• for four terrestrial and five aquatic wildlife species, extended consultations will be undertaken, because in some cases, listing these species could have marked impacts on the activities of Indigenous peoples, hunters and trappers, ranchers, commercial and recreational fishers, or Canadians at large
  • for five terrestrial and two aquatic wildlife species already listed on Schedule 1, COSEWIC’s assessments confirmed the current status, and no changes to Schedule 1 are required

Fourteen (14) of the terrestrial species and 2 of the aquatic species are already listed on Schedule 1 and are eligible to have their status changed: 6 to a higher risk category (uplist) and 10 to a lower risk category (downlist). One species, the Pygmy Pocket Moss, is being considered for removal from the list, as it was found to be not at risk in its latest assessment.

Table 1 shows the risk status of species received from COSEWIC in 2016.

Table 1a: List of species received from COSEWIC in October 2016 for normal consultation
COSEWIC risk status Taxon English legal name Scientific name
Endangered Amphibians Unisexual Ambystoma (Jefferson Salamander dependent population) Ambystoma laterale - (2) jeffersonianum
Endangered Amphibians Unisexual Ambystoma (Small-mouthed Salamander dependent population) Ambystoma laterale - texanum
Endangered Arthropods Hoptree Borer Trimerotropis huroniana
Threatened Arthropods Lake Huron Grasshopper Trimerotropis huroniana
Threatened Lichens Wrinkled Shingle Lichen Lepomis peltastes
Special Concern Fishes (freshwater) Northern Sunfish (Great Lakes - Upper St. Lawrence populations) Lepomis peltastes
Special Concern Lichens Mountain Crab-eye Acroscyphus sphaerophoroides
Special Concern Molluscs Pygmy Slug Kootenaia burkei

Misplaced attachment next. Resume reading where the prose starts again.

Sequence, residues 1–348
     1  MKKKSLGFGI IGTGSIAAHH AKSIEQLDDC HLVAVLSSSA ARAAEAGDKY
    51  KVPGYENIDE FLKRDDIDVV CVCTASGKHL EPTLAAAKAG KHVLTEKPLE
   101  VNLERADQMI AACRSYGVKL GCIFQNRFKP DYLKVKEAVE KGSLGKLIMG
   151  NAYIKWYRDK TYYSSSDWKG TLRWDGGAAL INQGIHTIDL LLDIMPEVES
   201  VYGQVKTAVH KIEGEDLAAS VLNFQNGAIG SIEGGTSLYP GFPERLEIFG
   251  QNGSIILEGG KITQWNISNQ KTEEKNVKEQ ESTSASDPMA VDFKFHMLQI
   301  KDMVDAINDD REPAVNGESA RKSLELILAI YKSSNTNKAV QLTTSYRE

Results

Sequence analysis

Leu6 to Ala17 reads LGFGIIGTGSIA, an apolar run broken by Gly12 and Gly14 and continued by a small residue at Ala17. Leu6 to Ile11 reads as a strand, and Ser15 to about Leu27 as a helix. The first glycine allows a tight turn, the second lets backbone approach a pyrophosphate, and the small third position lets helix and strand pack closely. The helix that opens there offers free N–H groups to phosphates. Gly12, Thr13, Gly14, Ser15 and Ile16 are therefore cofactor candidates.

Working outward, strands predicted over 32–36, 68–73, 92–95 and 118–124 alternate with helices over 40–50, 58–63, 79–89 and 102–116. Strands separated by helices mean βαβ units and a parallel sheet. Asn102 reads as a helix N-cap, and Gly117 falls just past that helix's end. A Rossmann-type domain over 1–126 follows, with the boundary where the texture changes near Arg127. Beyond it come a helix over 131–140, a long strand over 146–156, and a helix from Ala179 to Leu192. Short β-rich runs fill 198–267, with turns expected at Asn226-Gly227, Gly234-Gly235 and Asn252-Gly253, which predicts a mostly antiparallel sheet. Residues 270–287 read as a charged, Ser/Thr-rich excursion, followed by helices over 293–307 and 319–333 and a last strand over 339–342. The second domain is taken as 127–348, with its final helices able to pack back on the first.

Special Concern Molluscs Sheathed Slug Zacoleus idahoensis
↑From Threatened to Endangered Fishes (freshwater) Spotted Gar Lepisosteus oculatus
↑From Threatened to Endangered Reptiles Spiny Softshell Apalone spinifera
↑From Threatened to Endangered Vascular Plants Colicroot Aletris farinosa
↑From Special Concern to Threatened Birds Louisiana Waterthrush Rhynchophanes mccownii
↑From Special Concern to Threatened Birds McCown’s Longspur Rhynchophanes mccownii
↓From Endangered to Threatened Birds Red Crossbill percna subspecies Loxia curvirostra percna
↓From Endangered to Threatened Molluscs Blue-grey Taildropper Prophysaon coeruleum
↓From Endangered to Threatened Vascular Plants Bear’s-foot Sanicle Sanicula arctopoides
↓From Endangered to Threatened Lichens Flooded Jellyskin Leptogium rivulare
↓From Endangered to Threatened Vascular Plants Baikal Sedge Carex sabulosa
↓From Endangered to Threatened Vascular Plants Common Hoptree Ptelea trifoliata
↓From Endangered to Special Concern Molluscs Rainbow Villosa iris
↓From Endangered to Special Concern Reptiles Lake Erie Watersnake Nerodia sipedon insularum
↓From Special Concern to Not at Risk Mosses Pygmy Pocket Moss Fissidens exilis

↓ risk status downgraded
↑ risk status upgraded

Table 1b: List of species received from COSEWIC in October 2016 for extended consultation
COSEWIC risk status Taxon English legal name Scientific name
Endangered Arthropods Nine-spotted Lady Beetle Coccinella novemnotata
Endangered Arthropods Nuttall’s Sheep Moth Hemileuca nuttallii
Endangered Fishes (freshwater) River Darter (Great Lakes - Upper St. Lawrence populations) Percina shumardi
Endangered Fishes (marine) Sockeye Salmon (Sakinaw population) Oncorhynchus nerka
Endangered Molluscs Shortface Lanx Fisherola nuttallii
Threatened Fishes (freshwater) Little Quarry Lake Benthic Threespine Stickleback Gasterosteus aculeatus
Threatened Fishes (freshwater) Little Quarry Lake Limnetic Threespine Stickleback Gasterosteus aculeatus
↓From Endangered to Threatened Mammals Peary Caribou Rangifer tarandus pearyi